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Bart Scott the latest sports hero to play a wrestling villain

New York Jets linebacker Bart Scott grapples

New York Jets linebacker Bart Scott grapples with the stars of Total Nonstop Action wrestling during their taped live show. (Mar. 2, 2011) Photo Credit: TNA

Stars from the so-called “legitimate” sports world have been making guest appearances on professional wrestling for decades. There was Muhammad Ali getting airplane spun by Gorilla Monsoon in 1976; Joe Frazier “training” Mr. T. for his boxing match against Roddy Piper at WrestleMania 2, and Lawrence Taylor taking on Bam Bam Bigelow in the main event of WrestleMania XI.

Last night, controversial New York Jets linebacker Bart Scott became the latest star of the sports world to make the crossover into the squared circle. But in doing so he took a very different role than any of the men listed above—the role of a villain.
Scott appeared on Total Nonstop Action Wrestling’s Impact! program last night, aligning himself with the most sinister group of “heels” in the company—Hulk Hogan’s Immortal faction.

Scott laughed and partied with Hogan and his fellow baddies Eric Bischoff and Matt Hardy, and even got involved in a scuffle with the members of rival “babyface” faction Fortune, led by AJ Styles.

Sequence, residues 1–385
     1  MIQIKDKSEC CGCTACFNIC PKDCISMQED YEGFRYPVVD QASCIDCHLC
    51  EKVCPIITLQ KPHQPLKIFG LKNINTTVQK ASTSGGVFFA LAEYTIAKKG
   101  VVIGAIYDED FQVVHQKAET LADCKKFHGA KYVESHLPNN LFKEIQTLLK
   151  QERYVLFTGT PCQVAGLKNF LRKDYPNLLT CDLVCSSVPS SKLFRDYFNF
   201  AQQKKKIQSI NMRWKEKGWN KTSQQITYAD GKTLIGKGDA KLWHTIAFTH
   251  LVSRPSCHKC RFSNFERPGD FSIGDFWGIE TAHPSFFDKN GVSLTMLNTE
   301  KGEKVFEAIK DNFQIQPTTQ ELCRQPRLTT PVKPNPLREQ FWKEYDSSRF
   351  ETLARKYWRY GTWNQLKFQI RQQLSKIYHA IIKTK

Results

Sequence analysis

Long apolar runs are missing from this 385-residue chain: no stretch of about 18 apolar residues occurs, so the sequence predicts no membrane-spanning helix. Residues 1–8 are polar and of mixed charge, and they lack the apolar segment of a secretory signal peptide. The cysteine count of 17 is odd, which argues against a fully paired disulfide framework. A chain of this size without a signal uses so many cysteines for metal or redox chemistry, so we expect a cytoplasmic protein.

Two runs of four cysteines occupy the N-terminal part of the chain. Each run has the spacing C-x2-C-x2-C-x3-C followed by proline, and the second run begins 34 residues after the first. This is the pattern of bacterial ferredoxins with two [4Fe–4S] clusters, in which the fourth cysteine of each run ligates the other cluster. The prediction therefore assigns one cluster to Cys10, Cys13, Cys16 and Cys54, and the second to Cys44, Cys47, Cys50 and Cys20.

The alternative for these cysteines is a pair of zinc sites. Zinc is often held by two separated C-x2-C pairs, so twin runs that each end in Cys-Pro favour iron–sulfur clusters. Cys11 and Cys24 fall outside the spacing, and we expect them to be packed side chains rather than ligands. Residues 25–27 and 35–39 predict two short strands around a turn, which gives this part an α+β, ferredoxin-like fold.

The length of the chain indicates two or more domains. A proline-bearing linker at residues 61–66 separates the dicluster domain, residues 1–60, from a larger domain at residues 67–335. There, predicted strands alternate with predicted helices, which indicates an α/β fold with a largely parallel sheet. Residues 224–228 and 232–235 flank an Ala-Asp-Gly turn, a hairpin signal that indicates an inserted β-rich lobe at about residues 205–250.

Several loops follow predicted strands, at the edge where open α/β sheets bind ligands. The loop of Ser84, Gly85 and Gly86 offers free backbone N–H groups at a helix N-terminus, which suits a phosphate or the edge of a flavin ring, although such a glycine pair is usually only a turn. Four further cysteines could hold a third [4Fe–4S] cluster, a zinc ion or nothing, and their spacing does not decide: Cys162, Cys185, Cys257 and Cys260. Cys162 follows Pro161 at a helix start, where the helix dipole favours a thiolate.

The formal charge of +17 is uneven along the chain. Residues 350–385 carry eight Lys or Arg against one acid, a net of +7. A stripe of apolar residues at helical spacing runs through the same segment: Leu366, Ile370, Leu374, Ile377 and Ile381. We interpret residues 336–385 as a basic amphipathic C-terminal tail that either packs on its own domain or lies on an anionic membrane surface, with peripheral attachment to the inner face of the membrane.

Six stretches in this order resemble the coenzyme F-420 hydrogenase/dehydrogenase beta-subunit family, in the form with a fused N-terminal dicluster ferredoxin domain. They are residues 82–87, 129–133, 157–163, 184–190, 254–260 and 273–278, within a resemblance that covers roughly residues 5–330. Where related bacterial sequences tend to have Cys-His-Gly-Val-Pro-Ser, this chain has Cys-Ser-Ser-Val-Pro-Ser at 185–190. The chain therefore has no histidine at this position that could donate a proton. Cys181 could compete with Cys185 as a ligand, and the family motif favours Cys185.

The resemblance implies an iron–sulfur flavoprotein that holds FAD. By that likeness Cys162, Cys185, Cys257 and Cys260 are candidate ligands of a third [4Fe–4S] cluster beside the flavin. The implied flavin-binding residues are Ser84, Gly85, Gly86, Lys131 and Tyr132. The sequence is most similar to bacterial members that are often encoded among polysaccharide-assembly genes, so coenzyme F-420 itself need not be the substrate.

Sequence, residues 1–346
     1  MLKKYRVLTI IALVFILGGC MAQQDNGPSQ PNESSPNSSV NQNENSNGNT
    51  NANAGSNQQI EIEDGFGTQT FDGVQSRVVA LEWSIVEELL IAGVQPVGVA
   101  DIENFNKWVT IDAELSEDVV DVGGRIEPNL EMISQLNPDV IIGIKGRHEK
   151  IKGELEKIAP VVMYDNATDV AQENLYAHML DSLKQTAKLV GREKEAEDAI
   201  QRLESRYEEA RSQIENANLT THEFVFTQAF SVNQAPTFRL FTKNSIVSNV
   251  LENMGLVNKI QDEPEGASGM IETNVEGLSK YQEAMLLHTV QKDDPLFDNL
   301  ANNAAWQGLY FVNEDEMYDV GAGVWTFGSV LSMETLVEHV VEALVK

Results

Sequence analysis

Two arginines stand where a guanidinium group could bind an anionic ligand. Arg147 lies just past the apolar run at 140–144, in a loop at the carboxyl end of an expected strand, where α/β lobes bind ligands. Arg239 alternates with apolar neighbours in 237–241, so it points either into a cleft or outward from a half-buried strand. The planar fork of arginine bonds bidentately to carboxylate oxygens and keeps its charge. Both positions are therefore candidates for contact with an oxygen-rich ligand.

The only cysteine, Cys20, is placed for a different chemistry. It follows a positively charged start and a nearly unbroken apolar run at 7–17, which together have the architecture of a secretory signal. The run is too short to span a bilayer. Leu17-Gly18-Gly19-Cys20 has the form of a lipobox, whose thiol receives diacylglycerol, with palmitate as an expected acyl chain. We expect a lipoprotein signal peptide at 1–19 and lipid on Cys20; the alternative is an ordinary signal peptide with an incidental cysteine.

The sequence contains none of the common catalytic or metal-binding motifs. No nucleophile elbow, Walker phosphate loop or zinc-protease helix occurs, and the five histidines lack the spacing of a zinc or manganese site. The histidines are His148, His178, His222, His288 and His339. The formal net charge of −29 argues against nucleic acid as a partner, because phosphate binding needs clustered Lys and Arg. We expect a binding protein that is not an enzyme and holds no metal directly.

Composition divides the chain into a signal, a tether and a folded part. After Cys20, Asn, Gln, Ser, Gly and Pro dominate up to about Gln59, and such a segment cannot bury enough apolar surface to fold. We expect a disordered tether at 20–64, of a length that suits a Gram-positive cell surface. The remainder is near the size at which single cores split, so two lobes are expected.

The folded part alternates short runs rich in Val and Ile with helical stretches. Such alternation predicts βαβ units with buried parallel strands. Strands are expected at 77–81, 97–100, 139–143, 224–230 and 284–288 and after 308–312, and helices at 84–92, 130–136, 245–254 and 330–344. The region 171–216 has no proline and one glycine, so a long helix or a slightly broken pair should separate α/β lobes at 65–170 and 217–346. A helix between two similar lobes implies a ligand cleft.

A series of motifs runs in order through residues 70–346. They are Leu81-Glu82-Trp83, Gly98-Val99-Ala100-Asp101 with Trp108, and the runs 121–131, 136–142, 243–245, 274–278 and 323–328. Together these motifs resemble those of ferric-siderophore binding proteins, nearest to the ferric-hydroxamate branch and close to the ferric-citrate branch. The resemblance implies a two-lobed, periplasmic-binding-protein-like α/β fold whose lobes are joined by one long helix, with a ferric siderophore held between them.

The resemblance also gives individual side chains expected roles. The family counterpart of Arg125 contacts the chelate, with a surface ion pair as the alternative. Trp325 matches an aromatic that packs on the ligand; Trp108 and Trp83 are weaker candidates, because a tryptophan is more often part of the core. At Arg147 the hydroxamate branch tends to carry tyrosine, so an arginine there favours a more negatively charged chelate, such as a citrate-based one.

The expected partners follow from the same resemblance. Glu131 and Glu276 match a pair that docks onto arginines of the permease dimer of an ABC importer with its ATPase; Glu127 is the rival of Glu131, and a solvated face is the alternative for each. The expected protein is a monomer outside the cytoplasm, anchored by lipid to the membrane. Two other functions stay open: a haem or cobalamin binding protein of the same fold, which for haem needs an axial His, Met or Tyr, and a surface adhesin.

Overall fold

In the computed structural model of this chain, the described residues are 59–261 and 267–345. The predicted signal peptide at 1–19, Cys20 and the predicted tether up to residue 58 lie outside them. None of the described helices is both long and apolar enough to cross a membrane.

And, as all good heels do, Scott got his come-uppance at the end of the show when he found himself on the receiving end of a Kurt Angle ankle lock.

Scott did a fine job immersing himself in the pro wrestling show world last night. And considering his reputation, maybe it was the right call to cast him as a bad guy. But there’s a bigger trend at play that’s worth looking at. Far removed from the days of LT, crossover celebrities often choose these days to play the role of the villain rather than that of the heel.

Dennis Rodman pioneered this trend 14 years ago when he joined the New World Order. Since then, we’ve had Mike Tyson join the rule breaking D-Generation X (although he later turned on DX and helped Steve Austin win his first world title), and many other stars deliberately choosing to get booed during their wrestling cameos, rather than cheered.

Maybe a shrink could psychoanalyze what would make a sports hero choose to play the role of a villain. Maybe it’s a fun escape from their real lives, where they typically are adored by hometown fans. Maybe they think, by their nature, anti-authority bad guys are cooler and tougher than good-two shoes baby faces.

Or maybe I’m just over thinking-this.
 

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